The comets are coming!

A pair of "dirty snowballs" are about to appear in a twilight sky near you.

Over the next month, our solar system is treating us to two visits from comets. Both may be visible to the naked eye - and surely with binoculars.

And that's not all the comet news. Last January, a small United States spacecraft named Stardust swept through a comet's cloak of dust and gas to collect samples of this material. Stardust - now working its way through the asteroid belt between Jupiter and Mars - is speeding back to Earth carrying comet dust for scientists to study. It's expected to drop its package of samples into the Utah desert in two years.

Meanwhile, scientists in Europe are tracking a comet-chasing spacecraft named Rosetta. They launched it in March. It won't meet up with a comet until 2014. But if everything works as planned, Rosetta will orbit the comet for about a year to study it. It also will send a lander to the comet's surface. This will give astronomers a rare look at a comet's core, or nucleus.

Why all the high-tech, high-priced interest in comets? These hefty clumps of dust and ice are thought to be the leftover material from which the planets formed some 4.6 billion years ago. By studying them, scientists hope to learn more about the huge disk of dust and gas that surrounded the sun before the planets began to assemble themselves - a bit like cosmic dust bunnies - from this material.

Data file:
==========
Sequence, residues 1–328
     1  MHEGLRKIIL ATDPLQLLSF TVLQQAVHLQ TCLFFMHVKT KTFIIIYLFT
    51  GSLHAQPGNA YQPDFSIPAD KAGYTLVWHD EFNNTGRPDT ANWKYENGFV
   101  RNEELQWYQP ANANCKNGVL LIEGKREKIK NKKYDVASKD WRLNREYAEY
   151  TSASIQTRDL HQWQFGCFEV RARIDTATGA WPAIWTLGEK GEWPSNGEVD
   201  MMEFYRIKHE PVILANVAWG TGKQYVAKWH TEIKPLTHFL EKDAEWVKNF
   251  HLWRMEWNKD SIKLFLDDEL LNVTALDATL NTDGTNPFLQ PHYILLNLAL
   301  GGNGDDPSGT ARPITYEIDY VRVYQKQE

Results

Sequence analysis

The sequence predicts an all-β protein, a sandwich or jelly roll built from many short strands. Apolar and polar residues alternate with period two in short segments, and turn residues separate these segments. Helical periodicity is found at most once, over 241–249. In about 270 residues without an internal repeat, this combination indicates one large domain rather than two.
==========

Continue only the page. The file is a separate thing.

Examining solar system 'leftovers'

Studying comets in our solar system also is helping astronomers understand what they see when they look at nearby solar systems. (So far, planets the size of Jupiter or larger have been detected in orbit around some 60 nearby stars.)

Three years ago, for example, astronomers in the US found that a red giant star 500 light-years from Earth was surrounded by water vapor. What was the water vapor doing there? The star was too rich in the wrong kinds of elements to generate an envelope of water vapor. The astronomers concluded that the vapor must have come from comets and other icy objects. (As the star matured and expanded into a red giant, the astronomers theorized, it vaporized the comets. Our sun will expand into a red giant, too - in about 5 billion years.)

In our solar system, comets buzz around the sun, starting from two vast regions. One is the Oort cloud, named for a Dutch astronomer who first suggested that such a cloud existed. This "cloud" surrounds the sun in the farthest frontiers of the solar system. Its inner limit lies far beyond Pluto - some 50,000 Astronomical Units (AU) away. (Astronomers use AUs to measure some distances in space. One AU is the distance between Earth and the sun, or 93 million miles.) Nobody knows for sure how many objects the Oort cloud contains. It's too far away and the objects are too faint and small to see.

Astronomers figure that these Oort-cloud objects probably formed near Neptune and Uranus. The gravity from these planets probably kicked the "planetesimals" (planetary building blocks) out of the neighborhood. Some theorize that the Oort cloud represents only from 1 to 10 percent of the planetesimals ejected by Neptune and Uranus. The rest hurtled into deep space.

Comets that enter the inner solar system from the Oort cloud originate in the cloud's farthest reaches, where the sun's gravity is weaker and the comets may be tugged by the gravity of passing stars or the vast clouds of gas and dust that move between the stars. These comets can take from 200 to several thousand years to make just one round trip around the sun. David Jewitt, an astronomer at the University of Hawaii, says the best estimate astronomers have is that the Oort cloud contains around 1 trillion objects. The comets visible this month are thought to have come from the Oort cloud.